How Can We Stop School Violence?


MARY E. HOTVEDT, C.M.F.T., PH.D. President-elect, American Association for Marriage and Family Therapy

I wish I had the complete solution to the complex systemic problem of violence in schools and in American society in general. Multiple changes on every level may have to be made by parents, educators, the students themselves, the media and lawmakers. As a marriage and family therapist, I am particularly concerned with the positive contribution parents can make to help their children navigate the difficulties of adolescence. Wise parents don't let their kids become isolated in an entirely electronic and child-centered world. Instead, they help their children look forward to adulthood by being creative and active adults themselves. These parents know the difference between nurturing and indulging. They hold firm on limits, yet they also encourage their kids to take challenges and risks and accept the consequences of their choices. Most important, these parents know their children, their kids' friends and the families of those friends. They work as a community of parents and not in isolation.

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DAVID SATCHER, M.D., PH.D. U.S. Surgeon General and Assistant Secretary for Health

We possess knowledge and have translated that knowledge into programs that are unequivocally effective in preventing much serious youth violence. Equally encouraging have been our findings that intervention strategies exist today that can be tailored to the needs of youths at every stage of development. There is no justification for pessimism about reaching young people who already may be involved in serious violence. The strongest risk factors during childhood are all individual or family attributes or conditions. During adolescence, the influence of family is largely supplanted by peer influences. Successful interventions must confront not only the violent behavior of these young people but also their lifestyles, which are teeming with risk.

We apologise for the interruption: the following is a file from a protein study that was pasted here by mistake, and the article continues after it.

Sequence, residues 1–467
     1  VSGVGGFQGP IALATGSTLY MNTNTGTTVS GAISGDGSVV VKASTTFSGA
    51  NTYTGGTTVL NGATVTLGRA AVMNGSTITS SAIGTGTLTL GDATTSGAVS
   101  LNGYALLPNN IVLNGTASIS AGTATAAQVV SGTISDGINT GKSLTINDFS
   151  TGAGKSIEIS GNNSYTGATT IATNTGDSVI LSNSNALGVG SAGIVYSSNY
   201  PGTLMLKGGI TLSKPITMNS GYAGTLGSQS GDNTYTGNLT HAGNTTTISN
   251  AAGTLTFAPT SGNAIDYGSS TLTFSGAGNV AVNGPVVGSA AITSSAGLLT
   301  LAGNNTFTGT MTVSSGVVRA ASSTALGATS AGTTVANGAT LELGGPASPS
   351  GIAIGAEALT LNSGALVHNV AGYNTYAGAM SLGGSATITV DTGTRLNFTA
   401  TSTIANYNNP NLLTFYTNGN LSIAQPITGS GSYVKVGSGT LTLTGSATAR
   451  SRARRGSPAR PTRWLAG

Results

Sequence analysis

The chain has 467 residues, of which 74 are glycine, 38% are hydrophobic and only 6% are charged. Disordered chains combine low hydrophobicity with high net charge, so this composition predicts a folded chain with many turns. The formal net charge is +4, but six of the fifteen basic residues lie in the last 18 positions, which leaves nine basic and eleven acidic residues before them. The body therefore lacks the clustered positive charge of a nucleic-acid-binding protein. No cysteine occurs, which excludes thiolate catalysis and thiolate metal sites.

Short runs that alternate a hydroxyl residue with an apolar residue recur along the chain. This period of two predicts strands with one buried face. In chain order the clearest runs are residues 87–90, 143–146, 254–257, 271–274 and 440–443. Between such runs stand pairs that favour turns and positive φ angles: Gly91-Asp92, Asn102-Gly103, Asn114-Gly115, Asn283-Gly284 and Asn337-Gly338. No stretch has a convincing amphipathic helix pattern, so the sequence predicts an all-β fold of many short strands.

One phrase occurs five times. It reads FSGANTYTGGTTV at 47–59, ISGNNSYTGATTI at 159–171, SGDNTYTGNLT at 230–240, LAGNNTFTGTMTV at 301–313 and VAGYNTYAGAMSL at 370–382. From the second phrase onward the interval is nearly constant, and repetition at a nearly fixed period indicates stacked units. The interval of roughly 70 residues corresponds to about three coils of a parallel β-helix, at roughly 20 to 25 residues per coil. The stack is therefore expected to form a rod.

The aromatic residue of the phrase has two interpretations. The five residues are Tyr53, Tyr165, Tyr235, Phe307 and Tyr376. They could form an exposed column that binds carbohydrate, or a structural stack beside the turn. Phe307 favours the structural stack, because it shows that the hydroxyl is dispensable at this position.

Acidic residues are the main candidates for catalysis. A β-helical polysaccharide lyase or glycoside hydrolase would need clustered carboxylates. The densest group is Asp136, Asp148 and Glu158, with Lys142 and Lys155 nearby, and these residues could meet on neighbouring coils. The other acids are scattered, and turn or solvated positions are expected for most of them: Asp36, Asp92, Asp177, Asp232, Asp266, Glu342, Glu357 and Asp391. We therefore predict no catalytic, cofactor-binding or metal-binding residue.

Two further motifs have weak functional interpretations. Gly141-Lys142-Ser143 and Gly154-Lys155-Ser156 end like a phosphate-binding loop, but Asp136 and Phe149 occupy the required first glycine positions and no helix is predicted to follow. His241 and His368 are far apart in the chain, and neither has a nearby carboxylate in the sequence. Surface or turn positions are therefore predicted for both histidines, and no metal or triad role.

RUTH W. MAYDEN, M.S.S., L.S.W. President, National Association of Social Workers and Dean, Graduate School of Social Work and Social Research at Bryn Mawr College

Every parent in every urban, suburban or rural community is asking what can be done to stop school violence. We must pull the helping professions together to work with parents, teachers and school administrators and give our children the tools they need to handle the pressures of growing up in today's environment. Social workers, psychologists, psychiatrists and others can become partners in advocating with parents and teachers for the kinds of services we need to help our children become healthy, productive adults in a diverse world.

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